KATUSAS celebrate Lunar New Year with tradition
February 3, 2011
CAMP RED CLOUD, South Korea - U.S. Soldiers might be curious why their Korean counterparts, Korean Augmentation to the U.S. Army Soldiers, are so excited to celebrate the New Year with their families nearly a month after the first of January. That's because one of their biggest holidays, Seol-nal, celebrates New Years Day on Jan. 1 of the lunar calendar.
Like most of the families in Korea, my family drives to our ancestral home which in our case is located in the city of An-yang in Gyeonggi Province. We are relatively lucky to live nearby our ancestral home since the first day of the three-day holiday is referred to as "hell-day" due to the heavy traffic. Families who live far away from their ancestral homes can spend hours on the highway that day.
As soon as we arrive at our ancestral home, relatives who had arrived earlier greet us. Since all the family members are busy, holidays like Seol-nal are a great chance for us to gather and chat. After a long conversation, all family members from the oldest to the youngest sit in a circle to prepare the food for the next day's event.
On the day of Seol-nal, early in the morning, we get up and prepare lots of food such as tteokguk (rice-cake soup), all kinds of fruits, alcohol, sikhye (sweet rice drink) for our ancestors and place it on a table. Some of my family members dress up in their Han-boks, the traditional Korean clothing, but if not, formal clothes are also common for Seol-nal these days. Then we kneel and bow twice toward the table to thank our ancestors for taking care of our family even after their death and ask for good fortune for the New Year. This part of the ceremony is called Cha-re, in which we show respect to ancestors' spirits.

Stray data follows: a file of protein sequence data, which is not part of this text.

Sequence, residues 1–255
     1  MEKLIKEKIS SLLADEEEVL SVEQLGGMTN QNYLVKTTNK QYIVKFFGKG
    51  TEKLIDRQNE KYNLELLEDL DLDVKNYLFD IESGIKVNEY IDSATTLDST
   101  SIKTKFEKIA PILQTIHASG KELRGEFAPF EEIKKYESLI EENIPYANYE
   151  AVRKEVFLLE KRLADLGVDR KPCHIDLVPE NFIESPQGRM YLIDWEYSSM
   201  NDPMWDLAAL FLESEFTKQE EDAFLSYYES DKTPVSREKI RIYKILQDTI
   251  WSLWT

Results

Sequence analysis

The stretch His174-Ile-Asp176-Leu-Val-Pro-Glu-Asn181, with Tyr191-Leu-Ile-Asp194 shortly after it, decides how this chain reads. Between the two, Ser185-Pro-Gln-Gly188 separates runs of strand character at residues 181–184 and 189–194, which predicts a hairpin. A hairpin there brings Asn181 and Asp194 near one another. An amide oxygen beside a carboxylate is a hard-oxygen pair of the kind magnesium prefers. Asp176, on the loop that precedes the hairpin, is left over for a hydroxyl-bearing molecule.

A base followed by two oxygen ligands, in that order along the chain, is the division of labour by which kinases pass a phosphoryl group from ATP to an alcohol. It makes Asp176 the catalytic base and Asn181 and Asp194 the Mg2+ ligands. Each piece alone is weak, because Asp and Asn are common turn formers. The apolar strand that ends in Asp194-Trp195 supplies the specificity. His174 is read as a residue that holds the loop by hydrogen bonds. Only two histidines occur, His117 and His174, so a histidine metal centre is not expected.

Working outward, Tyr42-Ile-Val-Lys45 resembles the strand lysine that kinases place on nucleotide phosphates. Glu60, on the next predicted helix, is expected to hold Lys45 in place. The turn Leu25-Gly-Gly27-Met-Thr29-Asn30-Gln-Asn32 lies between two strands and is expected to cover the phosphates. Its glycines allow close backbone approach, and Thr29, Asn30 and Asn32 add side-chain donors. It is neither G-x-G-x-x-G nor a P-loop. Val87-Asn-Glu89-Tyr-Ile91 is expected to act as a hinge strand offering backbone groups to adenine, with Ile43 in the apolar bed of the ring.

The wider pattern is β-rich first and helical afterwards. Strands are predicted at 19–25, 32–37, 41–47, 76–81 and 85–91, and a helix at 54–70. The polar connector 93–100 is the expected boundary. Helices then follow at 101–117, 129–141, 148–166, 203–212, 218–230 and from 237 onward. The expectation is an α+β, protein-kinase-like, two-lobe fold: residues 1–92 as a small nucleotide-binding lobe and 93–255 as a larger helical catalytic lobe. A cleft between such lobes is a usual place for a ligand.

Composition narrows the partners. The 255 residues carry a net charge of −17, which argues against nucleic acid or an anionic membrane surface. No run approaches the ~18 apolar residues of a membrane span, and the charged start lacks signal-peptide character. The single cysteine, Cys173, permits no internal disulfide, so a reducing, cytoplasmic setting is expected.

After Cha-re our families share the food which was offered to the ancestors. We call this part Um-bok. We believe sharing food will bring fortune and health to the family.
After Um-bok, we bow to the elders once wishing them good luck for the New Year saying "Sae-hae-bok-mani-bar-de-se-yo" while bowing, which means "I wish you good luck in the New Year." Then our elders reply with words of blessing, called Duk-dam, and give the younger generations pocket money. This is called Se-bae in which we demonstrate respect for the elders.
On the day of Seol-nal, it is a tradition to eat tteok-guk, made of a bar rice cake, which represents health and long life and symbolizes getting one year older. For this reason, eating tteok-guk after all the other ceremonies is a must.
After breakfast, my family visits our ancestors' tombs. We go to their tombs and place food that our ancestors enjoyed when they were alive. Alcohol or cigarettes could be placed if it is proper for the occasion. We ask them to be with us to guard the family's fortune. This expression of respect for the ancestors is called sung-myo.
When all the important events are over, everyone goes back home and enjoys playing some folk games. My family not only enjoys folk games like 'yut', but we enjoy having a big arm wrestling tournament every year. I guess every other family around the peninsula will have their own kind of game they play to have a meaningful time with their relatives.
My family usually goes home on the evening of Seol-nal or the day after. Most families in Korea do this or they visit more relatives.
Seol-nal is Korean's favorite holiday since it is a great chance to kick back and a wonderful time with relatives. This kind of reunion is a tonic for one's life. I hope U.S. Soldiers stationed in the Republic of Korea will also have a chance to experience this tradition.
Lastly, everyone "Sae-hae-bok-mani-bar-de-se-yo!"